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Complete double ureter in a case of carcinoma cervix: incidental intraoperative diagnosis and implications
  1. Sarita Kumari1 and
  2. Rudrika Chandra2
  1. 1Obstetrics and Gynaecology, All India Institute of Medical Sciences, New Delhi, Delhi, India
  2. 2Obstetrics and Gynaecology, Command Hospital Panchkula, Panchkula, Haryana, India
  1. Correspondence to Dr Sarita Kumari; sarita2325{at}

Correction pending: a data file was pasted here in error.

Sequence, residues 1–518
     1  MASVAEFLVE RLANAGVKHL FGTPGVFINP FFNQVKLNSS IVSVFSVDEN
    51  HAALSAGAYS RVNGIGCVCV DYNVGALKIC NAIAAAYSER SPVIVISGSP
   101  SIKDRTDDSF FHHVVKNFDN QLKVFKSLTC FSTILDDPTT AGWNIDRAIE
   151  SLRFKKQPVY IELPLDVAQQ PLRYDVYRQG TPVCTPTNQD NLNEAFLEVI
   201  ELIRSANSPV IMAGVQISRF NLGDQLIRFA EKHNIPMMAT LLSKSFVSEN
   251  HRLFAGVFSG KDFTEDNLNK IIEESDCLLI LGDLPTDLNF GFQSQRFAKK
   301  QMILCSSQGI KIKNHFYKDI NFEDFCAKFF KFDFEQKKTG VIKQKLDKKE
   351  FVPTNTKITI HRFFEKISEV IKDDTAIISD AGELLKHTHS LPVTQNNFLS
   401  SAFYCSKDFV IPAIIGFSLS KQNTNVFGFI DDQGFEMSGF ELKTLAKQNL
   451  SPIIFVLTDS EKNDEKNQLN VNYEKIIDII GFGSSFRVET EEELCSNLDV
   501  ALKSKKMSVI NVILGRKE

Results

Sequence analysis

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A postmenopausal woman in her 70s presented with complaints of non-foul-smelling blood-stained discharge per vaginum for 4 months. She had no urinary or bowel complaints. She was menopausal since last 20 years and had delivered five children during her reproductive years. On clinical examination, there was a 1.5–2 cm irregular area on anterior cervical lip, which bled on touch. Uterus was anteverted, postmenopausal size, mobile and bilateral parametria were free. Punch biopsy from cervix was suggestive of non-keratinising squamous cell carcinoma. Contrast-enhanced MRI of abdomen and pelvis suggested stage 1B1 carcinoma cervix, and she was planned for type C1 radical hysterectomy. Preoperative imaging did not suggest any ureteric anomaly or dilatation of urinary tract although; a CT urography or MR urography is the modality of choice to diagnose duplication of ureters. Intraoperatively, at the time of dissection of pelvic spaces, we encountered double ureter on the left side running in the medial leaf of peritoneum beneath the uterine artery (figure 1). It led to increased surgical complexity as ureters needed dissection from the ureteric bed till the point of entry into the bladder base to complete the radical hysterectomy. Both ureters were identified by using ureteric slings, and the dissection was carried out meticulously as we were not aware of the course of these ureters, that is, whether they were complete or incomplete double ureters. After complete dissection, we were able to identify complete double ureters (figure 2). The patient had an uneventful postoperative course and is currently disease and symptom free 6 months post-surgical treatment.